In an exciting new four-part series, The Genius Of Invention reveals the fascinating chain of events behind inventions that make everyday life possible.
Michael Mosley is joined by Mark Miodownik, Professor of Materials at University College London, and Dr Cassie Newland, Industrial Archaeologist at The University of Bristol, as they unlock the very nature of invention. Each week the team take three key inventions that advanced our knowledge in the fields of speed, power, communication and the visual image
From the first attempts at creating a steam engine to jet propulsion, from early telephony to the birth of television, this series explores how important British inventive genius was in transforming the world in which we live. Explaining how these inventions came about by sparks of inventive genius and steady incremental improvements hammered out in British workshops, the team of experts separate myth from reality in the lives of the great inventors and celebrate some of the most remarkable stories in British history.
This is a series about inventors and inventions that shows how things work and also investigates how and why things are invented. It examines the wide-ranging social impact that these particular inventions have had on all our lives.
BBC Two, 9pm, Thursday 24 January
Why The Industrial Revolution Happened Here
Professor Jeremy Black examines one of the most extraordinary and revolutionary periods in British history and explains the unique economic, social and political conditions that led to Britain becoming the richest, most powerful nation on earth in the 19th century. A time that transformed the way people think, work and play forever.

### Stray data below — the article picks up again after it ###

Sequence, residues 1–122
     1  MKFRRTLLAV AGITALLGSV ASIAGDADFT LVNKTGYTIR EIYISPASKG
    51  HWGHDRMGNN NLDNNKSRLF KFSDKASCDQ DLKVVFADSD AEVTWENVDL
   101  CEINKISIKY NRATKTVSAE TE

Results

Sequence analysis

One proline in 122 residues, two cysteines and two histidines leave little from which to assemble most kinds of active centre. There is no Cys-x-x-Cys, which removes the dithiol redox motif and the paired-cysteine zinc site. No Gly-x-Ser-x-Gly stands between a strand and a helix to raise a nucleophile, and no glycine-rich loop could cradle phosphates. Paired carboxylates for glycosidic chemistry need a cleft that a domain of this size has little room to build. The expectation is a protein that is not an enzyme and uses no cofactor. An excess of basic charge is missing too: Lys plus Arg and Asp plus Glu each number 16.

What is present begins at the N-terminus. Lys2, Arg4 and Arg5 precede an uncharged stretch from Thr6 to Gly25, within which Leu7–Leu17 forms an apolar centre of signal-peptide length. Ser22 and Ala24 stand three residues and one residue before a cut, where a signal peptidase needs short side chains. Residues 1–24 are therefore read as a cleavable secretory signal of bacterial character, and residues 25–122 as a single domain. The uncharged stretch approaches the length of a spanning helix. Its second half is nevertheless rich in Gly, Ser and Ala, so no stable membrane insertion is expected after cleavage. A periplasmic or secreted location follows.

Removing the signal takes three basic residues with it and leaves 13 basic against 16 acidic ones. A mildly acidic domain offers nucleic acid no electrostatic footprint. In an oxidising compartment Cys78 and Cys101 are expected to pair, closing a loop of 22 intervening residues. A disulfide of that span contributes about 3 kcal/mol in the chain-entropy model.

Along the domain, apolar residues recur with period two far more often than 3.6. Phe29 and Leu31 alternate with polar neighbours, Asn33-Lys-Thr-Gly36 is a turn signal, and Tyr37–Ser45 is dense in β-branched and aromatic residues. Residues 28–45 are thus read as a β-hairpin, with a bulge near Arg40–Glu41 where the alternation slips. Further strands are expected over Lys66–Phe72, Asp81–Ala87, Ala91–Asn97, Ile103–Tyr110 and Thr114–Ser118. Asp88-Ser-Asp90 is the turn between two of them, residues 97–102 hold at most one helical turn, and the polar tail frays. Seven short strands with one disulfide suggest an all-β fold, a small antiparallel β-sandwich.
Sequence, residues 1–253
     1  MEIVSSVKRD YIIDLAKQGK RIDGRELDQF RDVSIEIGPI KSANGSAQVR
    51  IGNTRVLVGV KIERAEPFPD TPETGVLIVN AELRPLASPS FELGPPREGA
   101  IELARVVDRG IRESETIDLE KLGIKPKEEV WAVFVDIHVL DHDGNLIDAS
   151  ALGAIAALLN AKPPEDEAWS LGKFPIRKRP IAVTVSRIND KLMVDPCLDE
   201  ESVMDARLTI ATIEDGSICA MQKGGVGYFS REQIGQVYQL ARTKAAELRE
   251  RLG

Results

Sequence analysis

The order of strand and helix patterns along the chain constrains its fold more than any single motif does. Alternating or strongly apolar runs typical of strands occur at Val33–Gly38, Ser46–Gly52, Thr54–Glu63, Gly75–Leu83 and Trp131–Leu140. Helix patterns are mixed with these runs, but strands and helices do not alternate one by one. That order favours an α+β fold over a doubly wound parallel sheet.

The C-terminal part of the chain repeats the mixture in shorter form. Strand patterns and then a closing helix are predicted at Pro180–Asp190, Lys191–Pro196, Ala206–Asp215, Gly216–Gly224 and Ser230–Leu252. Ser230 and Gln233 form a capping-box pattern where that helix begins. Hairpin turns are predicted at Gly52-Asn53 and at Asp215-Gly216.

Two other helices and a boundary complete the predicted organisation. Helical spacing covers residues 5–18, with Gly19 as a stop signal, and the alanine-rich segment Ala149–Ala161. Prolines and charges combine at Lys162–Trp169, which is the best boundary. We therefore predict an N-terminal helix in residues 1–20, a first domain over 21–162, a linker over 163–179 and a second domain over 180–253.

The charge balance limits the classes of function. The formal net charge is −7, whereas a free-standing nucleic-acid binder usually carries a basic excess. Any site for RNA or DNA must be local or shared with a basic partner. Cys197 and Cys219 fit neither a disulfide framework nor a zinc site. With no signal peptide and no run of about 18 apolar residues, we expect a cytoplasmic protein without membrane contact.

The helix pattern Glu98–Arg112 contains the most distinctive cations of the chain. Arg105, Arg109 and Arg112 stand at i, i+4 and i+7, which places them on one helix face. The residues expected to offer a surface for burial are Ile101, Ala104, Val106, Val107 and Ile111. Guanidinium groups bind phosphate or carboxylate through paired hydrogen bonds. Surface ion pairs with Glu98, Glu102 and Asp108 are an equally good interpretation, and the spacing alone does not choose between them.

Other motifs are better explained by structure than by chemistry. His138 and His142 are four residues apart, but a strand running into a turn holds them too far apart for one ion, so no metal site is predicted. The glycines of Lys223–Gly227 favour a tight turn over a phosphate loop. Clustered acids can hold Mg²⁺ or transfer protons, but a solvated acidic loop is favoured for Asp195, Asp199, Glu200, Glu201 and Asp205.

Tracing the unprecedented explosion of new ideas and technological inventions that transformed Britain’s agricultural society into an increasingly industrial and urbanised one, Why The Industrial Revolution Happened Here explores two fascinating questions - why the industrial revolution happened when it did, and why it happened in Britain.
In this hour-long programme, Professor Black discusses the reasons behind this transformation - from Britain's coal reserves which gave a seemingly inexhaustible source of power to the ascendency of political liberalism, with engineers and industrialists able to meet and share ideas and inventions. He explains the impact that geniuses like Josiah Wedgwood had on the consumer revolution and travels to Antigua to examine the impact Britain's empire had on the story.